For information on making dovetail templates, see our beginner site Common Woodworking.
I want to pass on this template to you. I don’t think you’ll find a better one this side of the Mississippi, but tell me if you do and I’ll try it out.
It isn’t new tools that you feel affection for, but those that have served you consistently and faithfully in your work. Ones that don’t fight back but get on with the job, resolve issues without balking and give pristine results every time.
I have used the template for 46 years now and though I have tried others that work, this one is by far my favourite and I thing it’s the best.
These are the tools you will need to complete the template
Your blank can be 3 ½ – 4” long x 1 1/4″ x 3/4- 7/8″ thick and in any wood. Hardwood probably last a long time, but I have a pine one that has been kicking around for three decades at least.
Lay out the angle of the dovetails, which is a ratio of 1-7, by squaring a line from one straight edge and measuring up the line 7” and along the corner edge 1”. Any equal increments will work; like 7cm and 1cm. Join the lines together and then use a sliding bevel to set the 1-7 angle on. This will no guide your pencil lines on the blank.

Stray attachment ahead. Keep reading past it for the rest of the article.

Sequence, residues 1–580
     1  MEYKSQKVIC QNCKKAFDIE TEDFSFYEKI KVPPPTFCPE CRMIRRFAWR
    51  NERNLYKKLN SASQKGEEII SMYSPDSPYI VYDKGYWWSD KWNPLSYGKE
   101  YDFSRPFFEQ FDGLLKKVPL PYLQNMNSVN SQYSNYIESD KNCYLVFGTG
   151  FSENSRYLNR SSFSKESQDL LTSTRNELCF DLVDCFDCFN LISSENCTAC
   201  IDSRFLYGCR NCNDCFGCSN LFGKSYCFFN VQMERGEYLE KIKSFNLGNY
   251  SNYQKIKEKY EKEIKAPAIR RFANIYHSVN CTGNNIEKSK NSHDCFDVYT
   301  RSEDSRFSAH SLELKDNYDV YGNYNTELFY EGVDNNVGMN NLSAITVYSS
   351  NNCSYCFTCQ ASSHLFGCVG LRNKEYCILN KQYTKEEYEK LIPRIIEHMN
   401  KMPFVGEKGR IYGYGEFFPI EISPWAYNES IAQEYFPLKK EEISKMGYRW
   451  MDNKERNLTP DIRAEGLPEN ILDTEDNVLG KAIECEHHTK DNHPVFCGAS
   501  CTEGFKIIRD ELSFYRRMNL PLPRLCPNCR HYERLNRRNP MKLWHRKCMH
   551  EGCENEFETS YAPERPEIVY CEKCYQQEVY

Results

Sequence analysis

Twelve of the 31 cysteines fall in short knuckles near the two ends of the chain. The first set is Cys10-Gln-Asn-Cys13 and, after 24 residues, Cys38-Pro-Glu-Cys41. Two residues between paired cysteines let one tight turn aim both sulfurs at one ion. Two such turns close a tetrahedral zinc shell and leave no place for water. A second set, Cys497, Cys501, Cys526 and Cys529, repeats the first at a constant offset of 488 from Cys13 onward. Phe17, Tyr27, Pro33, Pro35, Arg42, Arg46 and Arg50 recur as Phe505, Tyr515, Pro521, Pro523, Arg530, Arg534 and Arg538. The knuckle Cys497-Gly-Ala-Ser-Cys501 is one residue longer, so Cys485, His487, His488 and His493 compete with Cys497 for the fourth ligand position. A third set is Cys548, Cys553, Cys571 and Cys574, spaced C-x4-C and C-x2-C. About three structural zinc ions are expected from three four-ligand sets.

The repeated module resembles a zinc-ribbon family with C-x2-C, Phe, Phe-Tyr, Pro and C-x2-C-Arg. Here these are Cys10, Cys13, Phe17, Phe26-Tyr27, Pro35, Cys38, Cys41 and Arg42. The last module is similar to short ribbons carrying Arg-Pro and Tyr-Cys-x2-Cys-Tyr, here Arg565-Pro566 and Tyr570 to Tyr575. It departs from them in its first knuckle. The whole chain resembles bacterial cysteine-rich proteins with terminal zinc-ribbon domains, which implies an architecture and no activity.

Your blank now looks like this. The angled line at right is in the same direction on the underside, so the lines are square up and down and the angled lines connect. That way you can flip the template for each side of the dovetail.
Further define the knifewall with a 1” wide chisel, chiselling into the knifewall from the waste side (the part you are about to cut away). This creates a step-down to receive the saw tight up to the knifewall.
Now cut down the cheeks of the template cheek with the same dovetail saw.